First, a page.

• This week is the beginning of a series of announcement events across the industry. First, there's Sony's State of Play 2019, which is scheduled for December 10 at 9 a.m. ET / 6 a.m. PT. (Sorry, no PlayStation 5 news is coming.) Then on the same day at 1 p.m. ET / 10 a.m. PT, Nintendo has a new Indie World presentation, showcasing all the indies coming to Nintendo Switch in the near future. Finally, there's the 2019 Game Awards show on Thursday, December 12 at 8:30 p.m. ET / 5:30 p.m. PT, which should have a number of announcements for new titles coming in 2020. The year may be ending, but there is more game news on the horizon!
  • The news wasn't all good last week. Bethesda has put development of The Elder Scrolls: Legends on indefinite hold. The folks behind Wargroove received some harsh feedback for having white voice actors taking on the roles of characters of color. There was also our report on allegations of sexual harassment against developer Dangen Entertainment's CEO, amid other toxic business practices.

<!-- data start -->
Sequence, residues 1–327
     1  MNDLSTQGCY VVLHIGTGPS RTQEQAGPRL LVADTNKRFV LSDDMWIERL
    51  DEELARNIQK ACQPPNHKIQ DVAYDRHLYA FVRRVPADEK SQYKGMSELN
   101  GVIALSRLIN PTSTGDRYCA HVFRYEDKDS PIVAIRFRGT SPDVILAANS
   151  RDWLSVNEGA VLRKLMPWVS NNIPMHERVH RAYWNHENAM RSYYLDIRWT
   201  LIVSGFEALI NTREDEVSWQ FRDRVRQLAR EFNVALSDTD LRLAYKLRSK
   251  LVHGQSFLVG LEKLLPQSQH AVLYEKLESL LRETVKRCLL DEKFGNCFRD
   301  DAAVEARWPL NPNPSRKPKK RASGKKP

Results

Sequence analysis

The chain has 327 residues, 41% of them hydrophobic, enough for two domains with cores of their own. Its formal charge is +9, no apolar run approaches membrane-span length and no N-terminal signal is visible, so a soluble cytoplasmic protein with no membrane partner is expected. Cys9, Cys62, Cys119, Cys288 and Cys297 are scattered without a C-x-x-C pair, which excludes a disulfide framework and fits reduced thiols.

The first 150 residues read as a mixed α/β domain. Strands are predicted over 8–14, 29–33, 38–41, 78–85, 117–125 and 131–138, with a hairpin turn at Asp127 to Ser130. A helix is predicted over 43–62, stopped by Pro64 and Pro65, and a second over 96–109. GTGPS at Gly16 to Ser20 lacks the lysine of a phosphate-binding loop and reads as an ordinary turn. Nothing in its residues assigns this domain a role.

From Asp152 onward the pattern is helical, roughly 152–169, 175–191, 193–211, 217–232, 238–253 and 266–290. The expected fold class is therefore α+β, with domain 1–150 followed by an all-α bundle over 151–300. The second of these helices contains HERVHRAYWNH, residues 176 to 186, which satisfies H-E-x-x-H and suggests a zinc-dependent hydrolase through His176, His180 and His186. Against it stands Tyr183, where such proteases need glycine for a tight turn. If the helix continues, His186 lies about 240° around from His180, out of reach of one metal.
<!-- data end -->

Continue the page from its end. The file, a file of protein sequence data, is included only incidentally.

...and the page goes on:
• Axe of the Blood God: Kat and Nadia celebrate two anniversaries in this episode of Axe of the Blood God! First, they look back on the RPG legacy of the original PlayStation, especially in terms of how the platform increased the localization of Japanese RPGs. But with the 25th anniversary of the PlayStation also comes the 25th anniversary of Breath of Fire 2, and Nadia's got some feelings about that game. Subscribe and listen here!

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Caty McCarthy

Senior Editor

Caty McCarthy is a former freelance writer whose work has appeared in Kill Screen, VICE, The AV Club, Kotaku, Polygon, and IGN. When she's not blathering into a podcast mic, reading a book, or playing a billion video games at once, she's probably watching Terrace House or something. She is currently USgamer's Senior Editor.